Recording, mixing, editing: Yer Blues, Mother Nature’s Son, Etcetera, Wild Honey Pie

Studios Two and Three, EMI Studios, Abbey Road
Producer: George Martin
Engineer: Ken Scott

This day featured two separate sessions for the White Album, in which two songs were completed and two more were recorded.

The first session lasted just half an hour, from 5-5.30pm in Studio Three. The "Two, three" count-in was added to Yer Blues; this wasn't a new recording, as it was on the original tape, but it was mixed louder and added to the master version.

Revolution 9 was one of The Beatles' most complicated recordings. It had been mixed in stereo on 21 June 1968 and edited four days later.

To create a mono mix from scratch would have been too much work, and would likely have sounded substantially different from the stereo version. The final stereo edit from 25 June was therefore copied to a mono tape to create a mono master during this session, although a second mono copy, which was used on the album, was made on 26 August.

The evening session began at 8pm and ended at 4am. This was primarily for overdubs to Mother Nature's Son, the backing track for which had been recorded on 9 August.

The session was led by Paul McCartney; George Harrison was on holiday in Greece, and John Lennon and Ringo Starr were mostly absent.

Paul was downstairs going through the arrangement with George [Martin] and the brass players. Everything was great, everyone was in great spirits. It felt really good. Suddenly, half way through, John and Ringo walked in and you could cut the atmosphere with a knife. An instant change. It was like that for ten minutes and then as soon as they left it felt great again. It was very bizarre.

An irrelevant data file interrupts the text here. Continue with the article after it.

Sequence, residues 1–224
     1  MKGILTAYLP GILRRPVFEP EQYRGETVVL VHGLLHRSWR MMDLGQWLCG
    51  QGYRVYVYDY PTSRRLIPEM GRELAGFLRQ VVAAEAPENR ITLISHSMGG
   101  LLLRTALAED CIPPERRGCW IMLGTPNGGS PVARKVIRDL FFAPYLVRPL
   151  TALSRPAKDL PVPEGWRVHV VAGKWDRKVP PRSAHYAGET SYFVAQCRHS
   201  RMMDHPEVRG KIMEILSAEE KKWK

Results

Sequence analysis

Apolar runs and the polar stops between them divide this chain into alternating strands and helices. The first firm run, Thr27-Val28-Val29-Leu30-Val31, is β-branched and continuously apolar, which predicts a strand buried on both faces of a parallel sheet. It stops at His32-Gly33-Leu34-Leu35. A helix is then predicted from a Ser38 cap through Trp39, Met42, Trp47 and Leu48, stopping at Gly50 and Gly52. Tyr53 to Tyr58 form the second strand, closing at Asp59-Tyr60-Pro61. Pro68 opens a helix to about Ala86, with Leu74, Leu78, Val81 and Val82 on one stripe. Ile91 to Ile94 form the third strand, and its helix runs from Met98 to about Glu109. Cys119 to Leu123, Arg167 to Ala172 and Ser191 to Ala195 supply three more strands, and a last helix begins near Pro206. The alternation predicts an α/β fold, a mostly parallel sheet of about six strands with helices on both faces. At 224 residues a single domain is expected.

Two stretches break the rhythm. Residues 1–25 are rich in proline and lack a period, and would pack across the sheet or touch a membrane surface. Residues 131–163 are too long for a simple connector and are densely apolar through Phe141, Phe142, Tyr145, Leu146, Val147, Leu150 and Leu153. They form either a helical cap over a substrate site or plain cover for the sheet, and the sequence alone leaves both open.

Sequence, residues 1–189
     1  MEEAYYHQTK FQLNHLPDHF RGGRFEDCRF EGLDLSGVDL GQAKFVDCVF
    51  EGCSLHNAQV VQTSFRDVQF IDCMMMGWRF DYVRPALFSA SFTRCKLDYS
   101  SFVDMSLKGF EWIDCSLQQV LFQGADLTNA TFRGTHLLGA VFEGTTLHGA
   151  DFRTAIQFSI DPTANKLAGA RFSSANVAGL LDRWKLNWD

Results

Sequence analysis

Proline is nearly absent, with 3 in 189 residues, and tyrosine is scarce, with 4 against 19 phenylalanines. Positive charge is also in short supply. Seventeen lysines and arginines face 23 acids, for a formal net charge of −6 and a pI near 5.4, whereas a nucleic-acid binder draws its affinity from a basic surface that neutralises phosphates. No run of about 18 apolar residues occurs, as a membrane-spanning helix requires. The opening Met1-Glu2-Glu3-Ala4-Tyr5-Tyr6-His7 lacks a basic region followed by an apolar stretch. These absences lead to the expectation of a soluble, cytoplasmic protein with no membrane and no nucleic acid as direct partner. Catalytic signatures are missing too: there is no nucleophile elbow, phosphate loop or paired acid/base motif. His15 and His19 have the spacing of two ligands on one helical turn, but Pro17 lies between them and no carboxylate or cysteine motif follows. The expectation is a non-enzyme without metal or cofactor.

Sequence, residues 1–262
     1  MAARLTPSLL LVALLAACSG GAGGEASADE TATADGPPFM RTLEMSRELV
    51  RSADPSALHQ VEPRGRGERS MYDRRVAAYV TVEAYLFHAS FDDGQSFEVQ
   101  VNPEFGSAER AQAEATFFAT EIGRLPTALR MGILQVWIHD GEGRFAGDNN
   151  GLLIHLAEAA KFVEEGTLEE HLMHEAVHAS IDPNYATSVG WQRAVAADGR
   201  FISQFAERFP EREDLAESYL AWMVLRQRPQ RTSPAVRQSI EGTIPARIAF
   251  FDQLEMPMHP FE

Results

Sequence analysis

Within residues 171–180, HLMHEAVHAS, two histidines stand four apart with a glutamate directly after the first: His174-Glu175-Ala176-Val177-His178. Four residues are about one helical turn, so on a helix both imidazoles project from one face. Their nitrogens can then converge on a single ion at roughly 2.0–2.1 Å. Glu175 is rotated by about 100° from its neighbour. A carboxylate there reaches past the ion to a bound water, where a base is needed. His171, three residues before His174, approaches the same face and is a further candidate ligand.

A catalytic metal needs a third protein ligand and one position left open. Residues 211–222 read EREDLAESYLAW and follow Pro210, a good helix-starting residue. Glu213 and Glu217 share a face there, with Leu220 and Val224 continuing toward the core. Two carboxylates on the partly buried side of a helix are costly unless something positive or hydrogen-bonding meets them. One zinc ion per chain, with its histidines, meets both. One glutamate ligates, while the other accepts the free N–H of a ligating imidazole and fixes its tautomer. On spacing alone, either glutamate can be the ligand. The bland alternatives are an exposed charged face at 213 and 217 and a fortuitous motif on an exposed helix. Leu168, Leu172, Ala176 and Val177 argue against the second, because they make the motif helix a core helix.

Ken Scott
The Complete Beatles Recording Sessions, Mark Lewisohn

At the beginning of the session, Mother Nature's Son featured just two tracks, containing vocals and acoustic guitar. Onto the third McCartney added a bass drum, which was recorded in the stairwell just outside the studio.

Paul wanted an open [echoing] effect on his drums and we ended up leaving the studio itself and putting the drums in the corridor, halfway down, with mikes at the far end. It wasn't carpeted then and it gave an interesting staccato effect.
Alan Brown, technical engineer
The Complete Beatles Recording Sessions, Mark Lewisohn

Track four contained an extra vocal, and the sound of McCartney tapping on a book. A tape reduction, numbered take 26, combined the bass drum and percussion to allow room for the brass overdub.

While waiting for the session musicians to arrive, McCartney recorded a song titled Etcetera. McCartney taped a single take of the song, listened to a playback, then the tape was taken away by George Martin's assistant Chris Thomas.

This was a very beautiful song. I recall it was a ballad and had the word 'etcetera' several times in the lyric. I only heard it twice: when he recorded it and when we played it back to him. The tape was taken away and I've never heard of it since.
Alan Brown, engineer
The Complete Beatles Recording Sessions, Mark Lewisohn

Although McCartney later remembered it as a song written for Marianne Faithfull, Etcetera was in fact a version of Thingumybob. The tune had been recorded by the Black Dyke Mills Band on 30 June 1968 and was released as a single on Apple Records in August.

McCartney's version from this day featured lyrics, in which the word 'etcetera' appeared several times. It also had an extra bridge and a softer introduction which was similar to that of Here, There And Everywhere.

Mother Nature's Son featured two trumpets and two trombones. The instruments were overdubbed along with a brief guitar solo towards the song's end, after which recording was complete. It was mixed in mono in eight attempts towards the end of the session, although new mixes were made on 12 October.

The final song recorded was Wild Honey Pie, though it was listed on the session records as Ad-Lib. McCartney performed the song in a single take, with vocals and acoustic guitar. He then repeated the process twice more, and filled the fourth track with a bass drum.

Wild Honey Pie was given six mono mixes, the last of which was included on the White Album.

Also on this day...

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